inproceedings BastenMM2012 Mental Travel Primes Place Orientation in Spatial Recall 2012 9 378-385 The interplay of spatial long-term and working memories and the role of oriented and orientation-independent representations is an important but poorly understood issue in spatial cognition. Using a novel priming paradigm, we demonstrate that spatial working memory codes of a given location depend on previous tasks such as mental travels and are thus situated in behavioural context. In two experiments, 136 passersby were asked to sketch an image of a highly familiar city square either without or with prior metal travel, i.e. an imaginated walk along a route crossing the square. With prior mental travel participants drew the sketch more often in the orientation of the imagined route and less often in the orientation found without prior mental travel. This indicates that participants adjusted or selected information from long-term memory according to the situational context. We suggest that orientation priming plays a role in path planning and may facilitate way-finding afterwards. Possible mechanisms of orientation priming are discussed with respect to theories of orientation dependence in spatial memory. http://www.kyb.tuebingen.mpg.defileadmin/user_upload/files/publications/2012/SC-2012-Basten.pdf http://www.kyb.tuebingen.mpg.de http://www.kyb.tuebingen.mpg.de Department Bülthoff http://link.springer.com/content/pdf/10.1007%2F978-3-642-32732-2_24.pdf Stachniss, C. , K. Schill, D. Uttal Springer
Berlin, Germany
Lecture Notes in Computer Science ; 7463 Spatial Cognition VIII Kloster Seeon, Germany International Conference Spatial Cognition (SC 2012) 978-3-642-32731-5 10.1007/978-3-642-32732-2_24 bastenKBasten meilingerTMeilinger hamHAMallot
inproceedings HensonMBM2011 When do we integrate spatial information acquired by walking through environmental spaces? 2011 7 2764-2769 The present study examined whether spatial information of a novel environment was integrated within a reference frame during initial learning, or only later when required for pointing to other targets. Twenty-two participants repeatedly walked through a multi-corridor virtual environment, presented via a head-mounted display. At several stages within the learning process they were teleported to locations along the route and asked to self-localize and point to other locations. Pointing was faster during later tests as well as for closer targets, both of which might require less integration. Participants tested only after extended exposure (late pointers) took longer than participants who had received testing interspersed throughout the same amount of exposure (early pointers). Pointing latency did not differ between groups when comparing performance on their first pointing test, despite vastly different exposure. These results are inconsistent with the assumption that participants already integrated spatial information within a single reference frame during learning and simply accessed this information during testing. Rather, spatial integration is a time consuming process which is not necessarily undertaken if not required. http://www.kyb.tuebingen.mpg.defileadmin/user_upload/files/publications/2011/CogSci-2011-Henson.pdf http://www.kyb.tuebingen.mpg.de http://www.kyb.tuebingen.mpg.de Department Bülthoff http://csjarchive.cogsci.rpi.edu/Proceedings/2011/index.html Carlson, L. , C. Hoelscher, T.F. Shipley Cognitive Science Society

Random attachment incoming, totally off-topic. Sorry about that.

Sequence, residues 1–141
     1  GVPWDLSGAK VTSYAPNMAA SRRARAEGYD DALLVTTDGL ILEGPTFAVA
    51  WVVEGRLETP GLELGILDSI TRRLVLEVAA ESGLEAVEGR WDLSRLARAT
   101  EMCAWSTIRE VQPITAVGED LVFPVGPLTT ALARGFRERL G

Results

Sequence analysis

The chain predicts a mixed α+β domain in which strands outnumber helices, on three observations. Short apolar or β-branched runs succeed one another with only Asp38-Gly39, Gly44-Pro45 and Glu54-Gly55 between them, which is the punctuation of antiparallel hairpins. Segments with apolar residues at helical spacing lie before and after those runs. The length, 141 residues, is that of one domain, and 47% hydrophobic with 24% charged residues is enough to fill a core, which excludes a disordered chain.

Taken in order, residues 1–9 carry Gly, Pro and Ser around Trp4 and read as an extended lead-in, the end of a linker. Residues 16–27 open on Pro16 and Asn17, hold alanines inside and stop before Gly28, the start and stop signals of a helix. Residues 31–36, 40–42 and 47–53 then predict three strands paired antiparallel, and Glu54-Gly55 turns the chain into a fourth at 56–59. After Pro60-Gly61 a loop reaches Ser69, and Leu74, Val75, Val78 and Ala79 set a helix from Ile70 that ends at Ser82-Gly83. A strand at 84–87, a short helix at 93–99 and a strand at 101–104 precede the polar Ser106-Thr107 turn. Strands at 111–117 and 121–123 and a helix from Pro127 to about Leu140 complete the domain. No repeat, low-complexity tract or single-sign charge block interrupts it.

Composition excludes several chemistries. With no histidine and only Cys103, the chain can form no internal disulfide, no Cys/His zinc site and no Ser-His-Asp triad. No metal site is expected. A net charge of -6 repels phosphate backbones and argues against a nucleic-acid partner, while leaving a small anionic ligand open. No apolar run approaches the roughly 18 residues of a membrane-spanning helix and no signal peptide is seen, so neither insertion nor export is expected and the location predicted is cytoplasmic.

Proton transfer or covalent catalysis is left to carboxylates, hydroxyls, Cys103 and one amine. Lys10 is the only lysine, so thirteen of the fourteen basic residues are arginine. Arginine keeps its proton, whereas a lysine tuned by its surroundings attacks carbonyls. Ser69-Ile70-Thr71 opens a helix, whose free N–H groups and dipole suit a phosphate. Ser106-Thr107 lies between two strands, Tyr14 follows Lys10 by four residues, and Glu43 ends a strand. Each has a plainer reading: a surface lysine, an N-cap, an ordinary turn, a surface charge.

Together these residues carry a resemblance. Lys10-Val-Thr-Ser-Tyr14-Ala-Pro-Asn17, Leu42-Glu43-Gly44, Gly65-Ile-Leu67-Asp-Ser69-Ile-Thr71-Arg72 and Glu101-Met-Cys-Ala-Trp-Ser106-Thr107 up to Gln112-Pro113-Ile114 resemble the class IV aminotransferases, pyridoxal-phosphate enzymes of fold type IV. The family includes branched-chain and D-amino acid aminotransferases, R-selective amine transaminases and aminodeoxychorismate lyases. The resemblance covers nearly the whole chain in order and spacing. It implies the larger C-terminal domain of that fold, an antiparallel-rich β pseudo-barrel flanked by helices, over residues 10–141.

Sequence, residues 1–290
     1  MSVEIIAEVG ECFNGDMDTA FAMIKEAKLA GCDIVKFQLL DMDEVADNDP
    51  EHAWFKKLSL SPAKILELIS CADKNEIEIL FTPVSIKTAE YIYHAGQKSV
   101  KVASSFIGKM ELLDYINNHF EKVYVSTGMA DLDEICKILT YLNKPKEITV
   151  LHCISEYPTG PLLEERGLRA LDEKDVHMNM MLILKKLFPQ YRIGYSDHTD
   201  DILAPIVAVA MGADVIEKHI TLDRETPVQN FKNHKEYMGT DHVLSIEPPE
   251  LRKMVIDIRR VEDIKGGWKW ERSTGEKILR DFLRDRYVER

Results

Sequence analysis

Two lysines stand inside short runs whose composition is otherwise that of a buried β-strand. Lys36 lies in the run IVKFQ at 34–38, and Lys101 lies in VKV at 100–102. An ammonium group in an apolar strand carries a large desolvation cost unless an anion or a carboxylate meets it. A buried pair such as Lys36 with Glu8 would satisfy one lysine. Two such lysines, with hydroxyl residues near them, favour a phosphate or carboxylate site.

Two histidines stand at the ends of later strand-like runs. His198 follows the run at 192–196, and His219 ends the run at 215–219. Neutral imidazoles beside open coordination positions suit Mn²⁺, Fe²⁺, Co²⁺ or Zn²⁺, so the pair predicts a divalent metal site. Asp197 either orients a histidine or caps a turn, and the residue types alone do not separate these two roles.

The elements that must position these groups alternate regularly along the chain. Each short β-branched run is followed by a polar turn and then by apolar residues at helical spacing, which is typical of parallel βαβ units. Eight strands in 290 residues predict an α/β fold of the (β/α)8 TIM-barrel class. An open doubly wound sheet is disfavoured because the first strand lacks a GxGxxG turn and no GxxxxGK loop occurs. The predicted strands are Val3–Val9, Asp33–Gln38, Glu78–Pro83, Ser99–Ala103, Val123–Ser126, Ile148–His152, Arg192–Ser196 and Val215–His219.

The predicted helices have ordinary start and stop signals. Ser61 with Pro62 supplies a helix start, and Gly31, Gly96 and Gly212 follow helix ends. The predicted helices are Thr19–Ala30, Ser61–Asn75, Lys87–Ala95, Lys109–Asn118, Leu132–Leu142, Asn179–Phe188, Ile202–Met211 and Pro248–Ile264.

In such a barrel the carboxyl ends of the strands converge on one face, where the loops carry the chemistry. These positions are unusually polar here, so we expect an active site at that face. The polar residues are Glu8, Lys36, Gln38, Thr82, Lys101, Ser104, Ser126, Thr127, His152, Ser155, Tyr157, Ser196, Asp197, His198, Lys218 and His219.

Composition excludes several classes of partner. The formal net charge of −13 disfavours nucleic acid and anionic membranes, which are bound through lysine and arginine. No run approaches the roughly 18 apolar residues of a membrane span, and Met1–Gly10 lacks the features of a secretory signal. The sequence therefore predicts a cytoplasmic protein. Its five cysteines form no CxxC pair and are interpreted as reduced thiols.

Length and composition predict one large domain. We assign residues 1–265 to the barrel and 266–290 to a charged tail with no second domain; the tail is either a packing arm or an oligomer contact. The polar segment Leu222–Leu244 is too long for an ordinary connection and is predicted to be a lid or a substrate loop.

Austin, TX, USA
Expanding the Space of Cognitive Science Boston, MA, USA 33rd Annual Meeting of the Cognitive Science Society (CogSci 2011) 978-1-61839-097-4 ahensonAHenson hamHAMallot hhbHHBülthoff meilingerTMeilinger
inproceedings 6428 Putting Egocentric and Allocentric into Perspective 2010 8 207-221 In the last decade many studies examined egocentric and allocentric spatial relations. For various tasks, navigators profit from both kinds of relations. However, their interrelation seems to be underspecified. We present four elementary representations of allocentric and egocentric relations (sensorimotor contingencies, egocentric coordinate systems, allocentric coordinate systems, and perspective-free representations) and discuss them with respect to their encoding and retrieval. Elementary representations are problematic for capturing large spaces and situations which encompass both allocentric and egocentric relations at the same time. Complex spatial representations provide a solution to this problem. They combine elementary coordinate representations either by pair-wise connections or by hierarchical embedding. We discuss complex spatial representations with respect to computational requirements and their plausibility regarding behavioral and neural findings. This work is meant to clarify concepts of egocentric and allocentric, to show their limitations, benefits and empirical plausibility and to point out new directions for future research. http://www.kyb.tuebingen.mpg.defileadmin/user_upload/files/publications/SC-2010-Meilinger.pdf http://www.kyb.tuebingen.mpg.de http://www.kyb.tuebingen.mpg.de Department Bülthoff http://www.spatial-cognition-2010.com/index.html Hölscher, C. , T. F. Shipley, M. Olivetti Belardinelli, J. A. Bateman, N. S. Newcombe Springer
Berlin, Germany
Lecture Notes in Computer Science ; 6222 Spatial Cognition VII Biologische Kybernetik Max-Planck-Gesellschaft Portland, OR, USA International Conference Spatial Cognition (SC 2010) en 978-3-642-14749-4 10.1007/978-3-642-14749-4_19 meilingerTMeilinger vosgerauGVosgerau